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1 hour ago, elguapo said:

 

It's a balancing act.  You have to have some basic bedrock skills which can only be learned with deliberate, aimed fire.  So I disagree with you about having a raw beginner go pedal to the metal right out of the gate.  IMO it's a waste of ammo and it's demoralizing when the new shooter sees a target with maybe two holes out of ten shots.

 

HOWEVER, once the fundamentals are relatively well established it's time to put the hammer down and push into the learning zone.  People who never shoot faster than a pace they're comfortable with never get faster.  So I agree with you that staying with the "slow is smooth, smooth is fast" BS and hoping for speed to come is a fool's errand.

The bedrock skill relevant to action shooting is pulling the trigger fast and straight to the rear so that the sights don't move much, no? The bedrock skill for bullseye shooting is increasing the pressure on trigger until it breaks in a surprise, which sometimes can take up to 10 seconds to do properly. These are completely different skills and not related to one another.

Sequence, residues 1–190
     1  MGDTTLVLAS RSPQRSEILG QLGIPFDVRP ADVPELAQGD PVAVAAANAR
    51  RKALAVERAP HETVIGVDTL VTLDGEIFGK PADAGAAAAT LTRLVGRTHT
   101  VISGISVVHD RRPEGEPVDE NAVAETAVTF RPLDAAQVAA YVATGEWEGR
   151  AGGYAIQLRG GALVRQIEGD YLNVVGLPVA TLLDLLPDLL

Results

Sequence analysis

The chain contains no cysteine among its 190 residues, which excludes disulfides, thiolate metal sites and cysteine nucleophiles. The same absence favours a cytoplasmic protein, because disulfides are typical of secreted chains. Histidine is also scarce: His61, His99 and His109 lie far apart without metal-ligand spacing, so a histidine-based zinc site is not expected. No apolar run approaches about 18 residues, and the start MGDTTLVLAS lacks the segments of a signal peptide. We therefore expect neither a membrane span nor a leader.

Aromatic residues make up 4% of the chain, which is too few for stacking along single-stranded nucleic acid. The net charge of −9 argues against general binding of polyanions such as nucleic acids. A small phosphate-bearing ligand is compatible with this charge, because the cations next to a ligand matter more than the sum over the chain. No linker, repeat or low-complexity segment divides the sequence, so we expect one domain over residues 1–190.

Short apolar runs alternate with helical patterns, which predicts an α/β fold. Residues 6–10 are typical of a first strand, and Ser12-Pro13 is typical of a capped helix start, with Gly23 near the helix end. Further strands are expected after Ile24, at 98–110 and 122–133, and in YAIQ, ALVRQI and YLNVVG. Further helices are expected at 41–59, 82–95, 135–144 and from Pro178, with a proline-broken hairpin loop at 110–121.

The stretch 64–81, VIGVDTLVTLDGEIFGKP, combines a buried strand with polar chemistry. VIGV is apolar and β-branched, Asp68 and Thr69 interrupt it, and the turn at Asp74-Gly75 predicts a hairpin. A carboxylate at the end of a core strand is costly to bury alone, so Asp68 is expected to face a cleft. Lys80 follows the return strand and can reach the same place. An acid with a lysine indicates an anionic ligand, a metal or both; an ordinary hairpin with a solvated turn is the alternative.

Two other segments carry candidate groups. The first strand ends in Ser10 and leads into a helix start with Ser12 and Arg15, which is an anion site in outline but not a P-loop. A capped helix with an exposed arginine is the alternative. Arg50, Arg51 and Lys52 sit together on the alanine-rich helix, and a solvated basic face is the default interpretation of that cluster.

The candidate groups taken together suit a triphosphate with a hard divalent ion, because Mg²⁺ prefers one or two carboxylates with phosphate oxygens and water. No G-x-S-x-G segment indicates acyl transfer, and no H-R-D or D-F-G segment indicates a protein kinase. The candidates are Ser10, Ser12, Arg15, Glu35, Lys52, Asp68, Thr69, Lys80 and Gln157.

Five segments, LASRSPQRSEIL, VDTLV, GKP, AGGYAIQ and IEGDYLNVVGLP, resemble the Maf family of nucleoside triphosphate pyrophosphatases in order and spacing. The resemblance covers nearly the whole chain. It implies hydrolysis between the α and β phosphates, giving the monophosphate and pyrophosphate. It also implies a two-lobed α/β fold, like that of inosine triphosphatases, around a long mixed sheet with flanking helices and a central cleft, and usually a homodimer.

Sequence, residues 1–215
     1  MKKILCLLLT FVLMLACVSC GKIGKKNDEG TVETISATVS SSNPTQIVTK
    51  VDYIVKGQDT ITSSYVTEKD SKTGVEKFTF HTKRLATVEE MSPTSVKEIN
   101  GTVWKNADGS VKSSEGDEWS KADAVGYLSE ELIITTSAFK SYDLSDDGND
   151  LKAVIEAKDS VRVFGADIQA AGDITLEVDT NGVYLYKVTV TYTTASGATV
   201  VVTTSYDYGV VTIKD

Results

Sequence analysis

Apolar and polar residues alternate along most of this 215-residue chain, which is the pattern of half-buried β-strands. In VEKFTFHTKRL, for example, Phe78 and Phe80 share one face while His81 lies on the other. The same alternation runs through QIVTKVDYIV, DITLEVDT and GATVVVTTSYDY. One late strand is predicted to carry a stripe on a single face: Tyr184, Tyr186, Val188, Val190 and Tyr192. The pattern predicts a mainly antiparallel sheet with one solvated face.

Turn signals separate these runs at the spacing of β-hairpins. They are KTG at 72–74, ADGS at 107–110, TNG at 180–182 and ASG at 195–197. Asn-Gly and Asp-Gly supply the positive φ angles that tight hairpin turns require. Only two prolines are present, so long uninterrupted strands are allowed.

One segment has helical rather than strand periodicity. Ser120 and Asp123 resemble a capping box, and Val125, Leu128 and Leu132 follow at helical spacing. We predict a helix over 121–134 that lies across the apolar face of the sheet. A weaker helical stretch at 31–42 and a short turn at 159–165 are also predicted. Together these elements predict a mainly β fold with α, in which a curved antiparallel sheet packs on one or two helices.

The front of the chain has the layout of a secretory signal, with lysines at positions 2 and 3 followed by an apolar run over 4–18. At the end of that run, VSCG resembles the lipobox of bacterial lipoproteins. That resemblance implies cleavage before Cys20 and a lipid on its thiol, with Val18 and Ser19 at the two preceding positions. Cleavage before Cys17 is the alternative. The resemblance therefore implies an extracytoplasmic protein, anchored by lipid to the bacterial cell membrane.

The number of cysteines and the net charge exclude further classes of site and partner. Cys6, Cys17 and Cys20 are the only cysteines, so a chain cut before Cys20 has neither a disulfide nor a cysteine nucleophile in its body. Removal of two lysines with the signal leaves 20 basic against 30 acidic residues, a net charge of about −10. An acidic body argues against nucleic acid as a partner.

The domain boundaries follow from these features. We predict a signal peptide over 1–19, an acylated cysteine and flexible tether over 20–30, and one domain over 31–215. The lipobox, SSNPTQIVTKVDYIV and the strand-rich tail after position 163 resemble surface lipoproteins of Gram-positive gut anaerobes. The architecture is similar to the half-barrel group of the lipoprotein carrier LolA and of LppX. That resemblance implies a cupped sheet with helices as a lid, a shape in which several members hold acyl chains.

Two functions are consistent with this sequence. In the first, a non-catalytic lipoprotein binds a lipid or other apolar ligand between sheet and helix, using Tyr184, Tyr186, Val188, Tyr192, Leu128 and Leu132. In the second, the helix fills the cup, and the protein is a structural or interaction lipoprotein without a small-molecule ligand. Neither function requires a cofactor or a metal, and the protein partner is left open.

I was able to print a 1 inch group from 25 meters with a 9mm target pistol before I started shooting USPSA. This skill did not help me at all in USPSA. So, my suggestion is a) learn what sight alignment and sight picture are; b) grip the pistol hard and c) pull the trigger fast and straight to the rear on demand, so the sights don't move much when the shot breaks